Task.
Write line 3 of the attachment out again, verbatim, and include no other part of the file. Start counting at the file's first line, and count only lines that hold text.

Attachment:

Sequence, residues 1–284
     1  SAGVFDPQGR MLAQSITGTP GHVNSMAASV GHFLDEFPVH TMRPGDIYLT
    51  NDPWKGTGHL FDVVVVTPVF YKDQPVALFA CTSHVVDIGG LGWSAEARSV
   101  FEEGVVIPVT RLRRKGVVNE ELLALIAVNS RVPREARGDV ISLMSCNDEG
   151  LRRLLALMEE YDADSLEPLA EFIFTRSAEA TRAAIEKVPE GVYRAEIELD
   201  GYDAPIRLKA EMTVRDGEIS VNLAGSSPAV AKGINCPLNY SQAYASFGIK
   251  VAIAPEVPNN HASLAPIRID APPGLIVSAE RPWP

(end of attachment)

    51  NDPWKGTGHL FDVVVVTPVF YKDQPVALFA CTSHVVDIGG LGWSAEARSV